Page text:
Beijing: Pitching in strongly to rekindle close cultural ties between the two countries, India and China on Saturday invoked the spirit of the 1924 "epic journey" of Rabindranath Tagore, voted by Chinese as among 50 foreigners who contributed most in shaping China's modern development.

"Tagore was not only a great bosom friend of the Chinese civilisation, but also a very faithful friend of all Chinese people", Chen Haosu, President of the Chinese People's Association for Friendship with Foreign Countries, (CPAFFC) said while addressing the 150th birth anniversary celebrations of Tagore.

The official body delegated to create close links between China and foreign countries, CPAFFC organised a special event along with the Indian Embassy here to celebrate the life and times of Tagore that included a special mention of Tagore’s 50 day visit to China which left a profound impact.

During his visit, Tagore forged close intellectual relationship with a host of Chinese writers of that time advocating spiritual rejuvenation of Asia.

Tagore along with Jawaharlal Nehru was featured amongst the 50 foreigners who contributed most in shaping China's modern development in an opinion poll in 2009 to mark the 60th anniversary celebrations of China.

"Ancient China and India used to share a close relationship in history, but they became estranged in Tagore's time. However, Tagore's great humanitarianism, compassion and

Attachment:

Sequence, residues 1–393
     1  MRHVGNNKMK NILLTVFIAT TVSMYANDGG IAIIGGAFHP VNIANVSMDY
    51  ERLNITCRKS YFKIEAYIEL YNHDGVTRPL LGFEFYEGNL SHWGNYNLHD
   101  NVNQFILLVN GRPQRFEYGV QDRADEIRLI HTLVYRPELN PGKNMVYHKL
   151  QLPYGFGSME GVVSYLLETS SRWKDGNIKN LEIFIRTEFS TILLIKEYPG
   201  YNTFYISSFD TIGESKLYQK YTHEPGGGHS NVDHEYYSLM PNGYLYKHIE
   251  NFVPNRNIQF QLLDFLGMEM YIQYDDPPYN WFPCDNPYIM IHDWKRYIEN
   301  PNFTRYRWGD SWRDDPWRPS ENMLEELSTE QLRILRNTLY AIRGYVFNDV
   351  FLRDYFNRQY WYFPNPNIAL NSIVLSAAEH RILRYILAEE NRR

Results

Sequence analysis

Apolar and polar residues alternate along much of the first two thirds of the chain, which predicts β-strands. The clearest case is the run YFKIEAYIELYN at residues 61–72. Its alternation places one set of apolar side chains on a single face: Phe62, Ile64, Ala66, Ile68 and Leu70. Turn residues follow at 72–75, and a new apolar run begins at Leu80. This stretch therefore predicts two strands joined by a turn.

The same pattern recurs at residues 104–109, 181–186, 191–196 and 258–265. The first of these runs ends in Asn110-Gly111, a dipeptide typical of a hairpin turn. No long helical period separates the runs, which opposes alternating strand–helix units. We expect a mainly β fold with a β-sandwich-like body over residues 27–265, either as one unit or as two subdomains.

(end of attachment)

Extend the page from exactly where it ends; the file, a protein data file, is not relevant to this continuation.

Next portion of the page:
kindness to Chinese people, the two countries have re-established an intimate and friendly relationship of cooperation soon afterwards", Chen said.

Recalling Tagore's prediction of Asia's rise, Chen said "Tagore called for the light on behalf of Asia in the age of darkness and now when the brightness comes, (India-China rise)
people must pay glorious tribute to great emissary of light".

Highlighting Tagore's link for India-China cultural relations, Indian Ambassador to Beijing, S Jaishankar said "Tagore can be regarded as the father figure of India-China cultural relations in the modern era".

Tagore established the first Sino-Indian cultural society and the Chinese department at the Visvabharati University in Bengal.

His work Gitanjali was translated way back in 1915, Jaishankar said.

"His visit to China in 1924 was an event of considerable significance, although it was not without controversies", he said, adding, "Today we are addressing the same issue that came up when Tagore visited China. The answers however are quite different from what the  Gurudev heard then from many Chinese intellectuals".

"The revival of Asian societies about which Tagore was so discerning is undeniable happening now. Its political and economic ramifications are, however, just beginning to be
felt. That can be hastened if Asian countries, particularly India and China work more closely to advance their shared interests", Jaishankar said.

"We also need to overcome old mindsets that are rooted in less fortunate periods of our history. Building a strong India-China relationship would be the best tribute we could
pay to the founder of Cheena Bhavan in India," he said.

Bangladesh Ambassador to China, Munshi Faiz Ahmad also addressed the gathering saying that Tagore had the distinction of writing the national anthems for two countries, India and
Bangladesh.

Several artistes from China and India sang Tagore's songs and recited some of his famous poetic works.

(Agencies)